An overview of your placement
When taking class,
there will always be at least one or more Chinese teachers present. They may observe your class, and offer assistance if needed, or help translate your message if you are having difficulty. This is however, YOUR class – the teachers generally won’t interfere or assist unless you invite them to do so, or are having clear difficulties with your delivery.
Your role, should you be placed in one of our Kindergarten placements – is focused entirely on the teaching of basic English. This is performed, utilizing a range of flash cards, nursery rhymes and songs, and playing games. You are not responsible for choosing which words they learn, this will be arranged for you.
Your main, and usually only duty – is teaching them! Each lesson usually lasts around 20 minutes, and may involve as many as 25 children. You will be given the words / flashcards to be used that lesson when your class is due. The lessons are structured with simplicity, and follow an easy to remember format, broken down to 3 stages
STAGE 1 – The Warm Up!
The first, and shortest stage of the class. This is where you literally spend a few minutes getting the kids excited and motivated for the session! Run around, sing a song, have a dance and make some noise. The aim of this stage is to spend literally a few minutes getting the kids interested and excited, and eager to participate.
You should involve yourself heavily with the kids during the warm up. Energy, and enthusiasm, with a twist of silliness thrown in will help create the positive, fun filled atmosphere, and of course keep the kids eager to join in and play!
After the warm up, you should have all the kids return to their seats and quieten down.
STAGE 2 – Presentation
This is the stage at which we introduce the words we are using, with a fun presentation. Put basically, this is where you will relay the words to the kids. How you personally present the words, is reliant on your individual creativity and personality. This is of course different for everybody, as we all interact at different levels – there are literally endless possibilities to how you can present to them! Whilst we give you some ideas and suggestions, it is important you find your own comfort zone to achieve the desired interaction. A few classic examples may include covering the pictures from sight, then revealing them slowly … or placing them in obscure places to spot before talking about them.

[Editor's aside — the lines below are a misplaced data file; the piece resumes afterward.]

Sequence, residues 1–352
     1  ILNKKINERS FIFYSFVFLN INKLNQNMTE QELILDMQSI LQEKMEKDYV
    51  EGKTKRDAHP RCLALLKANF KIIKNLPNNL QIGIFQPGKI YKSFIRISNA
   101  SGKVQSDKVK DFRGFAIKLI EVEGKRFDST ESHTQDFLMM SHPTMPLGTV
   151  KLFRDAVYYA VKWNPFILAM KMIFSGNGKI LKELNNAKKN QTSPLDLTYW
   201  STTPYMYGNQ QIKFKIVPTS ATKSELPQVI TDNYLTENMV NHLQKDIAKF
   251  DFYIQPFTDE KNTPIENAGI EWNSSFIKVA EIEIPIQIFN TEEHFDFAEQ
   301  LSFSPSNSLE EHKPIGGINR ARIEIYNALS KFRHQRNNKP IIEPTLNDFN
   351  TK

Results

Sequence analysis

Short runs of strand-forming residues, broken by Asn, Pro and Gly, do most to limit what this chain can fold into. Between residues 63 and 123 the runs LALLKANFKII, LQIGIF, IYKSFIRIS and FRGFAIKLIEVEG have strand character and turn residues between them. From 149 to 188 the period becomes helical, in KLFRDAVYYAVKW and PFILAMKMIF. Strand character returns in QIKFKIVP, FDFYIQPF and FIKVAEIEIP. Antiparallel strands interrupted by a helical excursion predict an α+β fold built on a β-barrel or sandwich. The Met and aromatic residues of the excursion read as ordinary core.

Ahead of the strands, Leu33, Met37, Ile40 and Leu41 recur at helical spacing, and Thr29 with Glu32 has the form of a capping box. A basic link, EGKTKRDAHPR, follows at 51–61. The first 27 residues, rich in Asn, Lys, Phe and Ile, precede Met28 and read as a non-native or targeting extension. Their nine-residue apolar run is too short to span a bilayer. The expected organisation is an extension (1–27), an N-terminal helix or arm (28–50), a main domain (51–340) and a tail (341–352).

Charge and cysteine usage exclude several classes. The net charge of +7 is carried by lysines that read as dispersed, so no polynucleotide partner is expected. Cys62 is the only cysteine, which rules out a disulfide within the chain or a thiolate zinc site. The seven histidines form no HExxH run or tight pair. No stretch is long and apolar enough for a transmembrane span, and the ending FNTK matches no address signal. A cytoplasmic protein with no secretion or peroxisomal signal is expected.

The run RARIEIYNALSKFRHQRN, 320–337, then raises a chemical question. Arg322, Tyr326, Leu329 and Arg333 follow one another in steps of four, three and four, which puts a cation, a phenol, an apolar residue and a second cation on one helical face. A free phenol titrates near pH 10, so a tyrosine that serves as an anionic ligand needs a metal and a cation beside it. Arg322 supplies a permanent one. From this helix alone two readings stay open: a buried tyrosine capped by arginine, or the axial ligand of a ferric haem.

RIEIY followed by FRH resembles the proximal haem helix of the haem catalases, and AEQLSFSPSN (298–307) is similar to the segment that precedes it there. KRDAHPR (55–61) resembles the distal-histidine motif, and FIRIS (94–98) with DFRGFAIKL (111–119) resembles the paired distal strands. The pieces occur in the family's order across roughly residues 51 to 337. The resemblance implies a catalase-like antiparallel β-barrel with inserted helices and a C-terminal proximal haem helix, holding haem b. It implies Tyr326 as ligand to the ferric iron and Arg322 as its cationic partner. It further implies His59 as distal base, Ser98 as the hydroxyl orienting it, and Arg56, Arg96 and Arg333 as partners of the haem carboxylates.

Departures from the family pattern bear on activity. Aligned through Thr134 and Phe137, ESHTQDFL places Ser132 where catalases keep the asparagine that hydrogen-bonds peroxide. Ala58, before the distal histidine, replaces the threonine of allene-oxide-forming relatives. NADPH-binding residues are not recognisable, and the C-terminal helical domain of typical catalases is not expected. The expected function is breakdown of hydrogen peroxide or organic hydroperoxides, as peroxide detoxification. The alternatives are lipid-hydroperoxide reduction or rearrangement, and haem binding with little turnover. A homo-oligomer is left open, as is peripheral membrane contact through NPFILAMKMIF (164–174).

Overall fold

Sometimes I would use the words of the day as target to throw a ball at, shouting the word as I did so. You can place them on the floor and hop/skip/jump toward each of them, again shouting the word in question as you reach it. These are literally some of the most basic ways in which to present the words, but are naturally open to adaptation. You can of course make this as random, funny, original and audience orientated as possible. The success of the lesson, and the interest shown is of course relative to how you personally present the words, and the atmosphere you create whilst doing so.
If you want the kids to be interested and excited, YOU must be interesting and exciting. Don’t be afraid to introduce your own quirkiness and talents to your presentation. Keeping them on their toes and making your session unpredictable and fun to them is key to intrigue! Your presentation should take up around half of the class time remaining.
STAGE 3 – Play Time!
The final part of the class – and often the favourite! This is where we get the children playing some kind of game, involving them practicing the words you have presented. Once again, there are an endless array of ideas you can toy with. The key to this part of the class is to get as many of them involved and playing at the same time – a game is only fun when you’re playing, remember.
I used to play a version of pass the parcel, only using the picture cards instead of parcels. When the music stopped, whoever was holding the words had to stand up and say the word. Another suggestion involved placing a word in each corner of the classroom. The children would play in groups of maybe 10 at a time – the aim of the game being simple! I would shout a word, and the children would run to that corner – the last one to reach it being excluded from the game. The winner of course is the last one remaining.
Still think you can do it?
We do of course provide with you with some training, ideas and suggestions, and an opportunity to practice and gain confidence with the lesson plan. Throughout your placement, you will have our ongoing support and assistance. Any difficulties or challenging areas of your role will be addressed with extra training sessions and practice. Our advice and support is continual, and not restricted.
Crucially, this should be fun and light-hearted, and full of energy! The best results are achieved when you fully emerge and enjoy your role.
Forget the usual teacher / student scenario and traditional methods of teaching. Become one of the kids and generate an atmosphere in which you all play together. Remember – if you’re aren’t enjoying yourself, they won’t either!